HARTFORD – State Representative John Frey (R-111) on Tuesday voted for a bipartisan plan that would provide funding for the Medicare Savings Program (MSP) through the end of the fiscal year. Last month, the legislators successfully petitioned the General Assembly back into special session in order to address the issue.
MSP is a Medicaid program that helps seniors and the disabled pay for Medicare co-insurance, deductibles and premiums. Connecticut was one of five states whose income eligibly limits exceeded the federal minimum level. In adopting the bipartisan budget in October, legislators reduced the eligibility to the federal minimum, consequently reducing or eliminating coverage for many of the program’s thousands of participants. The state’s Department of Social Services in December announced it would delay implementation of the eligibility reduction by two months, giving concerned program participants a reprieve from an unexpected jump in their healthcare costs as lawmakers worked to find $53 million to fund the program through June.
In December, Rep. Frey said the legislature had a “moral obligation” to reconvene and restore funding for this program in order to stop the harm that this provision of the budget would have on seniors and disabled populations.
“About 280 Ridgefielders rely on assistance from MSP, so today we are doing what is right for seniors in Ridgefield and across Connecticut,” said Rep. Frey. “It simply wasn’t acceptable not to address the harm that abruptly losing all of part of their healthcare coverage would cause low-income seniors and people with disabilities. After today, these vulnerable populations will have funding for their health coverage restored. However, the state cannot let something like this happen again. We have to continue to address our persistent budget deficit and pass policies that will stabilize and grow our economy.”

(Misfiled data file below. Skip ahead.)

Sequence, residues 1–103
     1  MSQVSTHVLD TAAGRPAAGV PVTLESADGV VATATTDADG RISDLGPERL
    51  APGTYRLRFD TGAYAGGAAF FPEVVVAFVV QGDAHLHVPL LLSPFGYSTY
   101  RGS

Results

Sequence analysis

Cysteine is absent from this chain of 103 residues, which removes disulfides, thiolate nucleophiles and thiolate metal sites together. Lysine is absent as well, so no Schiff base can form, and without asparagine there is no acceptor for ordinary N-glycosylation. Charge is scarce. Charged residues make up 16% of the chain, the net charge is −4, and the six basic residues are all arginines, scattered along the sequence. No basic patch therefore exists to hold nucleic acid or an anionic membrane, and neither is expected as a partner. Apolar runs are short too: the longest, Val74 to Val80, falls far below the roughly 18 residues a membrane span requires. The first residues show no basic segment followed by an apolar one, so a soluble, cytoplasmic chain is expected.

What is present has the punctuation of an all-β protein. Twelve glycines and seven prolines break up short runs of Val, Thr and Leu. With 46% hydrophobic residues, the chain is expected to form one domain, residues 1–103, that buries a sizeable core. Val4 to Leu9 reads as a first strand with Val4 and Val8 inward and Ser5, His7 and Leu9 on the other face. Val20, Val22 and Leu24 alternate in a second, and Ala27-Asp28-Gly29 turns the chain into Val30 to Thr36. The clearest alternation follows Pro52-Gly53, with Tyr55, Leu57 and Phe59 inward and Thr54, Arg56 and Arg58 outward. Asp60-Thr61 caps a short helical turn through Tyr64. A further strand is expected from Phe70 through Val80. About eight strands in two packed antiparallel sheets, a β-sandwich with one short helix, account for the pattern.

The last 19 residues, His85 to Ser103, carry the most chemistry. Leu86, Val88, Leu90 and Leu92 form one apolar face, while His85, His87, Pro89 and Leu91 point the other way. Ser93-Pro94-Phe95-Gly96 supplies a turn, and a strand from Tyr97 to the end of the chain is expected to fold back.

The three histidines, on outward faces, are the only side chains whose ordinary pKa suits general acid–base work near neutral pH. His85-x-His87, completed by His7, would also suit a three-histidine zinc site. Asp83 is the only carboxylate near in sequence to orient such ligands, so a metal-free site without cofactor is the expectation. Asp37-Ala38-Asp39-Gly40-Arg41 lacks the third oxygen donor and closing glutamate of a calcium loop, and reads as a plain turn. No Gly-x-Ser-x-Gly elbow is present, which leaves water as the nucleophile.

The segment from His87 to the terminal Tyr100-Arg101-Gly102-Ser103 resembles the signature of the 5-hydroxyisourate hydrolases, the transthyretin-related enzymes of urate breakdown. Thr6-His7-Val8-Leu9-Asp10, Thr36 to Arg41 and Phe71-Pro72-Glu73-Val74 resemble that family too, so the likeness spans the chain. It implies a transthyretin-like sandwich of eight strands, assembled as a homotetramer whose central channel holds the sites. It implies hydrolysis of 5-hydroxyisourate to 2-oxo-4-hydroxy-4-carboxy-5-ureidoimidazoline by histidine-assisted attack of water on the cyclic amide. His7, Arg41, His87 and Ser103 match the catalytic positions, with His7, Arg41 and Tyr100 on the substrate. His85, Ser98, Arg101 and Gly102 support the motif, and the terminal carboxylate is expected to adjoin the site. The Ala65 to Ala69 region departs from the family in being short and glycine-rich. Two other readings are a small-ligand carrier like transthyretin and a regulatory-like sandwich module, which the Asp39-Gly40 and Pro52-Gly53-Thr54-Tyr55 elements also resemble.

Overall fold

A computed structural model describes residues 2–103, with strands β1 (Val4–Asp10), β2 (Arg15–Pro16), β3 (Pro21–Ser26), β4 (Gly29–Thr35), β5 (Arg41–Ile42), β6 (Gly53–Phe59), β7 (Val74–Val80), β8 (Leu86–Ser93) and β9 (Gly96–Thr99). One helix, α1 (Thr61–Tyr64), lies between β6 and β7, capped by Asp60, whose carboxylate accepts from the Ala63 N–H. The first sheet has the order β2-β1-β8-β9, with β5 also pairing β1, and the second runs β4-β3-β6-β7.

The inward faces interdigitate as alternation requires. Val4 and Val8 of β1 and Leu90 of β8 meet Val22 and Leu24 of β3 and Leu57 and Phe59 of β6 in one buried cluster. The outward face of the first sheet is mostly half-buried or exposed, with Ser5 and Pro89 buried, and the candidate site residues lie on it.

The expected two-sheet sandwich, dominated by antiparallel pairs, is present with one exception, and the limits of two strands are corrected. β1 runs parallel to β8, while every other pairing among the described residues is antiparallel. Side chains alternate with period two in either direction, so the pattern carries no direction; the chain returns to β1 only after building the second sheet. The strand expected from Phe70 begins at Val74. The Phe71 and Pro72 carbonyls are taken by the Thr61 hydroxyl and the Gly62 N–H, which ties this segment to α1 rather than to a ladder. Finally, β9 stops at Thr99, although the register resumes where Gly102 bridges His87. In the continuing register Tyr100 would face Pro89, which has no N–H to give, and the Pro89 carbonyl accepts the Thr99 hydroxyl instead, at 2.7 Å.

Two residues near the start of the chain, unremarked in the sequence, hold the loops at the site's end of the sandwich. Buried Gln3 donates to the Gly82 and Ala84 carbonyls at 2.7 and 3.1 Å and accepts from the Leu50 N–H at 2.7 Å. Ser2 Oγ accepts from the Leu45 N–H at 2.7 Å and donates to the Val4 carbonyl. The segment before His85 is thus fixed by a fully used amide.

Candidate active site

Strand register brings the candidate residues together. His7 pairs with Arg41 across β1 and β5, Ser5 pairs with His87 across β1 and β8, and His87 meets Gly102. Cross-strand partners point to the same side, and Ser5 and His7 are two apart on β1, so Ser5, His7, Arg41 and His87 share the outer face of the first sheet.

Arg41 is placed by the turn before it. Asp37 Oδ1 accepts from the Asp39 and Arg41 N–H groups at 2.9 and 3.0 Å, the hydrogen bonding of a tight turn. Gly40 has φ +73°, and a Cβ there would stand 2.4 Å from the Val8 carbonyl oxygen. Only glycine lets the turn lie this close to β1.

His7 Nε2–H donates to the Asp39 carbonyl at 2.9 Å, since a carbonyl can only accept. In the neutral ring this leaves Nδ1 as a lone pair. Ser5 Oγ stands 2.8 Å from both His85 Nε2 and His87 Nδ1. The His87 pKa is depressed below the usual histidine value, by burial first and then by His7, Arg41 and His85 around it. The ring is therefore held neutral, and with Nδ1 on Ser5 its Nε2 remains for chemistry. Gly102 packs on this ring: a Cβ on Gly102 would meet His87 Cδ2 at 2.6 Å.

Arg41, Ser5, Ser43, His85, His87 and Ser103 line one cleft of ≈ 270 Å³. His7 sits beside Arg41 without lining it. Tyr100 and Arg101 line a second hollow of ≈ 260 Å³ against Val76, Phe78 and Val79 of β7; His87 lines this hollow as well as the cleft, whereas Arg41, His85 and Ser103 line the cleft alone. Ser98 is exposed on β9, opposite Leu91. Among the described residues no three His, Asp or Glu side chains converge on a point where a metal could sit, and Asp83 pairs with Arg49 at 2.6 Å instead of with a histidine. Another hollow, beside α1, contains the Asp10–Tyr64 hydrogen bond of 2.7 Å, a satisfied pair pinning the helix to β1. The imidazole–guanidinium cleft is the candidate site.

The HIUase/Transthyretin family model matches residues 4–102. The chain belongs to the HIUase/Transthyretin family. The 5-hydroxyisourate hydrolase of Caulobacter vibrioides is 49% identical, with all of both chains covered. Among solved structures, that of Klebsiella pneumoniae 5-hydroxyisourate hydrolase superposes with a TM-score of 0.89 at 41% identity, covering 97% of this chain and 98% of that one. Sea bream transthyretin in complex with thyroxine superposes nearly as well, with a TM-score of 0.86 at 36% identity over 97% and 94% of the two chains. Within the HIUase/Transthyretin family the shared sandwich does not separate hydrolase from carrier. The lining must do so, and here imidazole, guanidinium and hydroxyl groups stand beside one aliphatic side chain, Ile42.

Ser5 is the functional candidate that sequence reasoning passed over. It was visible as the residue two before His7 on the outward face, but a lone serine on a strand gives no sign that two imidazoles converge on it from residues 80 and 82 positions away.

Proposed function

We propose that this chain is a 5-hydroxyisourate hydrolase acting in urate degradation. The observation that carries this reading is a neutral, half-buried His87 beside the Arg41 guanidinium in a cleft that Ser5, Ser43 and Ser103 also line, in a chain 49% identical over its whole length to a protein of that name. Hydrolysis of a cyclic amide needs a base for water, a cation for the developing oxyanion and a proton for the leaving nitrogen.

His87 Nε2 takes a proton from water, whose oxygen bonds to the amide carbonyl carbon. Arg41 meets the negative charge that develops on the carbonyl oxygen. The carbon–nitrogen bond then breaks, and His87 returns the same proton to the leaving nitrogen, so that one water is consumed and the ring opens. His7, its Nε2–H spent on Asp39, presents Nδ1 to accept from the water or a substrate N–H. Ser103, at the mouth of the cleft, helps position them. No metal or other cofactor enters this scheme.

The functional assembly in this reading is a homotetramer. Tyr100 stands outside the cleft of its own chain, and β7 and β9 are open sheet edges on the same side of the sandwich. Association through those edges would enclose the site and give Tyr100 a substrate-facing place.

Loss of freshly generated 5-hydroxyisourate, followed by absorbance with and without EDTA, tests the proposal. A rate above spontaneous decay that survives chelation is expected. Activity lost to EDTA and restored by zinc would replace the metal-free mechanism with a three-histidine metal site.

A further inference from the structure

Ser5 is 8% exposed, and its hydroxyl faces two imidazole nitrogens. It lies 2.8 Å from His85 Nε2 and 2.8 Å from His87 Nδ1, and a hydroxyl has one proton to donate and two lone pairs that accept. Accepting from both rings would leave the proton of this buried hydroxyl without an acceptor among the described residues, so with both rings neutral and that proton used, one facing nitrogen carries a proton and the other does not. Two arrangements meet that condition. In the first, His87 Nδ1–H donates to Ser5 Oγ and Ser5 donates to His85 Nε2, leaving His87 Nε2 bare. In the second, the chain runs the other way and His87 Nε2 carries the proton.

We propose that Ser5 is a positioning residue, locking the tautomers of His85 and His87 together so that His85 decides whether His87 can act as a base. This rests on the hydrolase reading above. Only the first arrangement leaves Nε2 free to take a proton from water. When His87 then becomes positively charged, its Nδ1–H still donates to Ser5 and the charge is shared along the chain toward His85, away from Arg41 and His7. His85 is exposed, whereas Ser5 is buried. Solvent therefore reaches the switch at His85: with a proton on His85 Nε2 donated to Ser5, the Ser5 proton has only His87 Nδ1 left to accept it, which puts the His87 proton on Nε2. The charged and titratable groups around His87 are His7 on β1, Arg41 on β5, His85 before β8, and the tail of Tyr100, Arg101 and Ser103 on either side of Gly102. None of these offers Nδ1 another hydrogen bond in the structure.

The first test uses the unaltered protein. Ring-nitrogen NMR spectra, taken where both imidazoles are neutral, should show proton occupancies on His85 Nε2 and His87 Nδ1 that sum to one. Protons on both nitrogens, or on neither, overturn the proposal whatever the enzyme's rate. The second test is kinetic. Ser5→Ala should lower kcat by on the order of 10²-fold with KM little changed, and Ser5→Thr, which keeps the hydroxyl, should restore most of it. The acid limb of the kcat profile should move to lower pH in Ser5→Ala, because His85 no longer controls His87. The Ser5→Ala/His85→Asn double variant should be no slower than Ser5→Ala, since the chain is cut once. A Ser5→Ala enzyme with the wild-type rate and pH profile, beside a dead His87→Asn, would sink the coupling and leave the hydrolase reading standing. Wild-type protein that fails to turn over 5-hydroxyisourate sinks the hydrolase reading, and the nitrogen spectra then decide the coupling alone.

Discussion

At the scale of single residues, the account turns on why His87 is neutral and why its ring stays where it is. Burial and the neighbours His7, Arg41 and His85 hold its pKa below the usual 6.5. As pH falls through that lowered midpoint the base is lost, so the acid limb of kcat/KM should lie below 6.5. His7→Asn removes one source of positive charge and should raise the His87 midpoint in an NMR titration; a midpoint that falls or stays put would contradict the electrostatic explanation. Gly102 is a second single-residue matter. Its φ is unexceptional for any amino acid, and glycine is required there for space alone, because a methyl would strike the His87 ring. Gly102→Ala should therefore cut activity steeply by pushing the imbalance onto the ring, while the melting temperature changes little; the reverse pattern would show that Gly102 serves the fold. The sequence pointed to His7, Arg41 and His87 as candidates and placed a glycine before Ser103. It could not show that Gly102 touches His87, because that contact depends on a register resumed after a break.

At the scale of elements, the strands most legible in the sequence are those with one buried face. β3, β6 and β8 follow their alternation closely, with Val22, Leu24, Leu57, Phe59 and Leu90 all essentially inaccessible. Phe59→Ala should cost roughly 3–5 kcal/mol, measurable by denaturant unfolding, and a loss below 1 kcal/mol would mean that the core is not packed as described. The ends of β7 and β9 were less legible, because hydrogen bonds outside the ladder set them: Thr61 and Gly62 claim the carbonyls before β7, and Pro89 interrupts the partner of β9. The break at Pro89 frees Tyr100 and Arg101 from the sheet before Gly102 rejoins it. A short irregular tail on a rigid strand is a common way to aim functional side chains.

The MSP plan was approved in the House on a 130 to 3 vote. Among the methods used to restore program funding is a requirement that Governor Malloy reduce the number of managers and consultants—a provision included in the adopted budget ignored by the governor. Other components include moving human resources-related functions of some state agencies into the state’s Department of Administrative Services, and requiring the governor to find savings in Executive Branch functions while limiting his ability to cut more than 10 percent from any one program.
The State Senate approved the plan 32-1 in a vote later in the day. It now goes to Governor Malloy’s desk for consideration. Although he has floated the idea of vetoing the bill, the plan passed with veto-proof majorities in both chambers.
The 2018 legislative session—a so-called short session—starts Feb. 7 and will see lawmakers focus primarily on issues tied to the state budget.